Of all the arguments presented as ‘evidence’ of the ‘damaging’ effects of Brexit, the arrangements for controlling the border between Northern Ireland and the Republic of Ireland must be the most misleading and least well understood.
Arch opponents to self-determination, and the referendum vote, present this as being an insurmountable obstacle were Brexit to proceed, implying, therefore, that only continued membership of the European Union, albeit under a different guise, can resolve this problem.
This false scenario has only become possible because the government, and all Brexit supporting arguments, have failed to adequately outline a clear and obvious solution; even our own Brexit spokesperson has little to say on this issue. I’ve looked today for an exposition, video, Facebook post, or even a tweet, that adequately counters the stream of rhetoric that holds there is no solution to this problem, so we must remain a part of the European Union. Nobody is refuting the misleading and inflammatory rhetoric about the border issue coming from Monsieur Barnier, Chuka Umunna and their Ilk.
The future trade arrangements between Northern Ireland and the European Union will change when we leave the Customs Union and Single Market, but can easily be managed without the need for a ‘hard border’
The term refers to a fortified border. It is a physical barrier of some form that may include fences, or walls intermittently spaced with access points that are themselves controlled by border personnel. Often, personnel are armed and the border crossing points may also incorporate a second line of defence.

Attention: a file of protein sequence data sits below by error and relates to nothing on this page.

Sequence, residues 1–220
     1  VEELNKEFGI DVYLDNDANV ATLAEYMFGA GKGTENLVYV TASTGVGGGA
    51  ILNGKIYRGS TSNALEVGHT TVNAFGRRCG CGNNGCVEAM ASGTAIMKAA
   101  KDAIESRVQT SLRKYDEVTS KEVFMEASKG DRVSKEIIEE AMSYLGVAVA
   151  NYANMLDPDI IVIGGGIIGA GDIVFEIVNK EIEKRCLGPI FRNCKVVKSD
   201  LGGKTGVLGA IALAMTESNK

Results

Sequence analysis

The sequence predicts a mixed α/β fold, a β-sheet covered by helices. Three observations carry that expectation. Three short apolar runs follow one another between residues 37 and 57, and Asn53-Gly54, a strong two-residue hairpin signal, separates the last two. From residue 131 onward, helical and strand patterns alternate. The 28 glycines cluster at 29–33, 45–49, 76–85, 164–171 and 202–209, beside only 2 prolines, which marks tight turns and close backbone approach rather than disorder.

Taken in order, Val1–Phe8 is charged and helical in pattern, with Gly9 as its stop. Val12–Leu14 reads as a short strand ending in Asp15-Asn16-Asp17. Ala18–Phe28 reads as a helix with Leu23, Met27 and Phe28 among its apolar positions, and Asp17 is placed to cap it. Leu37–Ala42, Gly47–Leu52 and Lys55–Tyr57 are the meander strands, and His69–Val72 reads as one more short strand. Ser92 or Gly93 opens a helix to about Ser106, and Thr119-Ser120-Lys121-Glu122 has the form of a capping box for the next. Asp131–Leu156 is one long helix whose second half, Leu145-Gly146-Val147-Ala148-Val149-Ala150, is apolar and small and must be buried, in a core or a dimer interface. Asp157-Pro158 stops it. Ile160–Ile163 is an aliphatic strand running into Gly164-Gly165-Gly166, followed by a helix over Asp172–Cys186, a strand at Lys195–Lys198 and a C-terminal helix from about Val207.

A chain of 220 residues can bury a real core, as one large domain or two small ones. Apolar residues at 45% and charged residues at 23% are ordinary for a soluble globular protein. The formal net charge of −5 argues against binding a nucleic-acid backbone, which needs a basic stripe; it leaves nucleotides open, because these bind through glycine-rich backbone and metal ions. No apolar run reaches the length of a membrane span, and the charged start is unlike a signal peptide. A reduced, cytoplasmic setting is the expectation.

For trade purposes, vehicles are stopped at crossing points, paperwork checked and logged, and searches carried out. This is the traditional way of doing things, though technology has sped up the process considerably. 42 countries have fortified borders.
Although there is no explicit obstacle to a hard border in the Good Friday Agreement, it could be seen, and is certainly being presented as a barrier by those ideologically opposed to Brexit, as being contrary to the ‘Spirit of Concord’ and the undertaking to remove security installations, though the latter refers specifically to military installations and not civil ones.
A hard border, then, is not prohibited by the peace agreement, though it is undesirable and, more to the point, completely unnecessary.
Currently, and because of our membership of the European Union, we have an open border between Northern Ireland and the Republic of Ireland. 15-28 countries have open borders.
When we truly leave the European Union, there will likely be tariffs applied to goods moving to and from the European Union area. In today’s world, all the necessary paperwork, regulatory requirements and payments are completed in advance so that vehicles can cross without impediment. Virtually the same happens now, though there would be an increase in administrative effort. 75-88 countries have soft borders, more than any other kind of border used, so it is effectively the norm and, as such, a practical option in this case.